– Use an opcode cacher, like APC, to speed up your execution time. Opcode cachers saved compiled versions of your scripts, so they don’t have to be compiled every time they are run. This will make any PHP site much faster.
    – Use the mysqli class that comes with PHP 5 instead of the old mysql. This allows you to do object-based queries with bound parameters, which prevents SQL injection by ensuring that every parameter will be checked and forced to be an integer or a string, and will then be contained within the query, even if they have quotation marks injected.

    But the most important tip I can share is, always be learning!

  10. 10

    I don’t see a speed difference when choosing or . I would recommand using . Because in notepad++, the $var is good colored !

    Nice post.

  11. 11

    Tips 3 and 4 are really bad. It’s much better to use certain coding styles.

  12. 12

    This is just blatant irresponsible use of the word “advanced”

    How the heck is knowing the difference between == and ===, advanced?
    or that str_replace is faster than regex?

    You learn this crap in your first pass through the manual.

    I eagerly clicked to read this article because i thought to myself, ‘ok, something new has been found out’ and all i found was this marketed garbage.

    shame on you.

  13. 13

    I like this article, it points out a regular problem : performances vs legibility.

    Personally, I always drop the brackets when I can (meaning : a short test and a single short consequent). I know this is considered to be less readable, but if it is the case, it’s probably that this is the consequent (or the test) that isn’t readable enough, not the conditional form itself (providing you use a good indentation).

    On the other hand, #10 seems to be definitively tricky when you read it.

    @matt : I agree with you, but here, it is to use caching techniques *and* to write fast code. The audience must be extreme speed requirement applications.

  14. 14

    You PHP people are funny

    1. If you don’t know the difference between comparison operators you shouldn’t be coding.

    2. Use brackets, please use them, they make the code easier to read and it’s good practice.

    3. If your code is open to SQL Injection then you don’t know how to code. I could understand people having this problem ten years ago.

    4. Shortcut else? Just lazy mans code.

    Tip of the day! Use ASP.NET/C#.NET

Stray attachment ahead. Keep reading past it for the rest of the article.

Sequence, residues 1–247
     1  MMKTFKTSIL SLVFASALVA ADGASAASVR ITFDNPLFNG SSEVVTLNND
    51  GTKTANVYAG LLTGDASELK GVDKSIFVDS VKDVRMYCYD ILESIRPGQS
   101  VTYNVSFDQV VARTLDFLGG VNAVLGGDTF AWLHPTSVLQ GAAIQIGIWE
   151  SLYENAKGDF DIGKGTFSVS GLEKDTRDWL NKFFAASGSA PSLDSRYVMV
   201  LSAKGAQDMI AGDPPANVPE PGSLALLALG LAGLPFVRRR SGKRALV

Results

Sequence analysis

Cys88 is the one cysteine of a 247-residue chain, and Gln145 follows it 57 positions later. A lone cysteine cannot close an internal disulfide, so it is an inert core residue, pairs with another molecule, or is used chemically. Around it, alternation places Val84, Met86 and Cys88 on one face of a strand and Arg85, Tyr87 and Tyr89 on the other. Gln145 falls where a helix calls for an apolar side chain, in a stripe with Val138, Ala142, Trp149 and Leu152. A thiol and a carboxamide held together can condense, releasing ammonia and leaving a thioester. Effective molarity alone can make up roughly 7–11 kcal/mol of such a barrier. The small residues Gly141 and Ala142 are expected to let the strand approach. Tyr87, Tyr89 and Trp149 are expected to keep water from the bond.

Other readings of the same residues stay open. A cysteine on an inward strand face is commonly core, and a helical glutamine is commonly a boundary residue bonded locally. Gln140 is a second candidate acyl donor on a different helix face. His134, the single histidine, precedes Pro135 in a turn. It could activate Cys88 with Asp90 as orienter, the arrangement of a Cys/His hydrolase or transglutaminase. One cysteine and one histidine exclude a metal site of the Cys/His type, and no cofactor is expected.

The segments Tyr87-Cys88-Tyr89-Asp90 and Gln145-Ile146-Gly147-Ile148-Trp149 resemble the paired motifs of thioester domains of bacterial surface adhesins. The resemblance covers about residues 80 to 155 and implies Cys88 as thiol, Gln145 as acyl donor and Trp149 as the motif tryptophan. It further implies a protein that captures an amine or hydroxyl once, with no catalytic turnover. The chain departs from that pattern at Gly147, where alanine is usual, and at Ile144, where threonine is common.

C# is an ISO standard, I don’t think PHP is?

  15. 15

    Giovanni Battista Lenoci

    November 18, 2008 6:47 am

    I don’t agree with tip 4, dropping brackets make code less readable.
    I use sometimes ternary operators, but also this tecnique make code less readable.
    I’ve never tested a code with brackets an without brackets, but I don’t think that the results are so different.

    Reguarding tip #9, I don’t know what was in the writer mind, but without an explanation this could lead to unwanted results:

    $a = 5;
    $b = $a;
    $a = 10;
    echo $a."-".$b; // 10 - 5
    $a = 5;
    $b =& $a;
    $a = 10;
    echo $a."-".$b; // 10 - 10

    For other tips, some are ok, some are banal.
    I suggest to change the article title in to 10 Advanced PHP Tips To Improve Your Programming (not so much)

  16. 16

    troll ?

  17. 17

    Great but you should rename the post to:

    “6 adavanced tips to mess up your code!”

  18. 18

    Tip 4 is just bad advice, it goes against most “best practices”. What if you add one more line in the future? You’ll forget the brackets and your code doesn’t work as it should!

    Tip 9 is just as bad. It even goes against Zend recommendations. In the Zend recommendations it is explicitly stated that you should never assign by reference unless you really need it. Also the other side-effects this might cause is another reason to not use assign-by-reference just to avoid a suppression operator.

    Tip 6 is debatable. Some guidelines ask to not use ternary operators to improve readability. If I’m not mistaken that is one of the reasons it’s not in Python.

    The author of this article is one PHP Coder I’d rather not hire and it’s really a shame that this article has appeared on SmashingMagazine.

  19. 19

    Agree with the previous posters, there are some dreadful tips here. Shorthand else and dropping braces do nothing but decrease the legibility of your code.

    Shorter code in terms of short cuts like these are not a sign of good code. “Anything that can be done to make the code simpler and smaller is usually a good practice” is a terrible generalisation. Far better practices to adhere to are following OO programming principles that encourage reusable, modular code.

    Furthermore, the article is contradictory – it encourages you to use a framework, but those frameworks have coding standards that automatically invalidate these two rules! For example, the Zend framework states: “PHP allows statements to be written without braces in some circumstances. This coding standard makes no differentiation- all “if”, “elseif” or “else” statements must use braces.”

    This article is a good idea, but has been poorly thought out.

  20. 20

    I don’t agree with the 4th tip.